TALENT, Or-- Gerlinde Smith is a certified pollinator gardener in Talent.
She says, "my garden became the first . From there on, it took off. So now to date, this is two years later we have 26."
A pollinator gardener focuses less on the plants and more on the soil and the pollinators. Smith says, "you know most people think of pollinators just as honey bees, but we actually have 500 native pollinators."
Pollinators are also bats, butterflies and hummingbirds. Smith says when we use pesticides, herbicides or insecticides, we are hurting or killing these animals. People in Talent saw this as a problem and wanted to change it.
Jim Thompson is on the Together for Talent committee. She says, "our co-interest has been to protect the habitat pollinators which has become very vital to us and that kind of snowballed into an idea of why don't we make up an IPM, integrated pest management, policy for the city and submit it as citizens."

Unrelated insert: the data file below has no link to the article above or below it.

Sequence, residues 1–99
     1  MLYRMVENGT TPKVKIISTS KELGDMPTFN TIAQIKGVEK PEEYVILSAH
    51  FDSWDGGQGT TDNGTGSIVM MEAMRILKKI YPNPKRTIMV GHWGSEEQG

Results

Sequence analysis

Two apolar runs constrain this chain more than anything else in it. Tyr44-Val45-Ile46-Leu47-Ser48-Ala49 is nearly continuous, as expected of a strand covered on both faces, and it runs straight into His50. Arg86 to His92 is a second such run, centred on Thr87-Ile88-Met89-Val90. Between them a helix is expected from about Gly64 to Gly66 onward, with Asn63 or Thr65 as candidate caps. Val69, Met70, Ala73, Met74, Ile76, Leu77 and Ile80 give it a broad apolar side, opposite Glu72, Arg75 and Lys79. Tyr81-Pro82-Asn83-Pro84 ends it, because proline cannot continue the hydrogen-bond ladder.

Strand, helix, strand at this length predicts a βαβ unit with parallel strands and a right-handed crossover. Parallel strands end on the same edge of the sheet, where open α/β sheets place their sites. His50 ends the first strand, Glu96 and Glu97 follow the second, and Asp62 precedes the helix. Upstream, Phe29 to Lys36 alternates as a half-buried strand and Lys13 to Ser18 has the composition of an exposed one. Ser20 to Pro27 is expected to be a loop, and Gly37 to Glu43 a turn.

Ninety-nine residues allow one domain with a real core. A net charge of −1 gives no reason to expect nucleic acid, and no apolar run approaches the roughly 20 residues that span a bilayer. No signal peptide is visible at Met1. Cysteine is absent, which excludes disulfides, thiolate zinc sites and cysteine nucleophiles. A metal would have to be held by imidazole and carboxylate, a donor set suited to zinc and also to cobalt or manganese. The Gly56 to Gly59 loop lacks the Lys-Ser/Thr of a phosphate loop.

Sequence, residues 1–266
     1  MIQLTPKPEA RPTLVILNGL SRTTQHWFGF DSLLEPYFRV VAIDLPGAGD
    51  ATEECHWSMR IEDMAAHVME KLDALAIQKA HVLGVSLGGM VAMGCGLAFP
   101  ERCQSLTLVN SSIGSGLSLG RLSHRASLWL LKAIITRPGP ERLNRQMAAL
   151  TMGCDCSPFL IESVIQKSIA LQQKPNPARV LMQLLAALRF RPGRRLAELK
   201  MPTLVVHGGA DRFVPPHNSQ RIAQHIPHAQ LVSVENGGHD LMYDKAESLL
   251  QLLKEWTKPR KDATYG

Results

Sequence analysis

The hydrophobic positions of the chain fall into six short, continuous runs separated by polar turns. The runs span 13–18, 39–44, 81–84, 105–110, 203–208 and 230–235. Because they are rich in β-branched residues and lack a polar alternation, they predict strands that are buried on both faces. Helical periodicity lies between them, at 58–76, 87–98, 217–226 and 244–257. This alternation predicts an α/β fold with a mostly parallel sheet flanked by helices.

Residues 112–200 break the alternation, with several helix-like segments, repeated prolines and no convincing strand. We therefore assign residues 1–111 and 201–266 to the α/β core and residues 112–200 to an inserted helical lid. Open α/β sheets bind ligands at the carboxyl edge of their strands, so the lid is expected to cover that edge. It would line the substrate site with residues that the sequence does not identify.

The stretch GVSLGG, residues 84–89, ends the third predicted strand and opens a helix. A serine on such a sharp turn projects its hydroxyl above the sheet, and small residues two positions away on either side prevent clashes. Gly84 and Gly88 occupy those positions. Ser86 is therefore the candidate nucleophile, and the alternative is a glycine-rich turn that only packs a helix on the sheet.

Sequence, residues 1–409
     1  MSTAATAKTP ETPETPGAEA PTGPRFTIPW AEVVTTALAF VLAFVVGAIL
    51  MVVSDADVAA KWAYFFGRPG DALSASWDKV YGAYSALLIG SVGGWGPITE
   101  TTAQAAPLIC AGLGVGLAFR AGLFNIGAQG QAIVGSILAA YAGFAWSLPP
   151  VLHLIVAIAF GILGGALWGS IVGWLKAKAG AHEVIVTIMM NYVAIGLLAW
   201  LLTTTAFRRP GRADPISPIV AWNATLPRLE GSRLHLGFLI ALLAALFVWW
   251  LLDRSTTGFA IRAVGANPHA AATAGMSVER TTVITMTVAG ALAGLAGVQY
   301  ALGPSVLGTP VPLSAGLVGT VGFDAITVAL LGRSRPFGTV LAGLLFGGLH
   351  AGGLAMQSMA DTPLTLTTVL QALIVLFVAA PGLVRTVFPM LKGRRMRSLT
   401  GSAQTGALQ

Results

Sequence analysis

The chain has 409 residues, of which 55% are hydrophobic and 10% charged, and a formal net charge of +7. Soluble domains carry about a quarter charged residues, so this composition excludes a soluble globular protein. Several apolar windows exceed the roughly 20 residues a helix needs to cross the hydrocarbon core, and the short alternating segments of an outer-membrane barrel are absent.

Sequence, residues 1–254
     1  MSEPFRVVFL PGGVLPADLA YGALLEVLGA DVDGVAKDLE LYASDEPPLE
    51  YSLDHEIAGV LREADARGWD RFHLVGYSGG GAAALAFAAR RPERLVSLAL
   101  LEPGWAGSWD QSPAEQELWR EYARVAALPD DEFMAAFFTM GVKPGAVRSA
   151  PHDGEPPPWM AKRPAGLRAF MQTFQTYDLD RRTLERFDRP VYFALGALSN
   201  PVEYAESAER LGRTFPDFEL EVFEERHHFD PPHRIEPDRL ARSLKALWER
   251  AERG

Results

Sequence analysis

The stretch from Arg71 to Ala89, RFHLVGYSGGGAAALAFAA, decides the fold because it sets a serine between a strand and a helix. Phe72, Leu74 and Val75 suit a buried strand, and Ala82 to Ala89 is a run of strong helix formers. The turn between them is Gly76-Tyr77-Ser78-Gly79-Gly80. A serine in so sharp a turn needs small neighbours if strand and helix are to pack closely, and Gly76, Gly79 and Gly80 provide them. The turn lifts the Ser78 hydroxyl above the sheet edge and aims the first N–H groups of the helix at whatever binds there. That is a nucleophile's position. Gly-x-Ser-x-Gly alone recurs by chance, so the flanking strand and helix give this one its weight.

He said it took five years for the IPM policy to get where it is today. He says, "got congratulations from the council and we just felt very big hearted about it that we did something good as citizens in our community."
The non-synthetic herbicide is made up of citrus oil. So it will kill weeds but won't harm bees and other pollinators. Other cities like Jacksonville and Grants Pass are looking at this new policy as well.
Smith tells me why saving these pollinators is so important. She says, "if we don't save the pollinators our food sources will diminish by at least 1/3."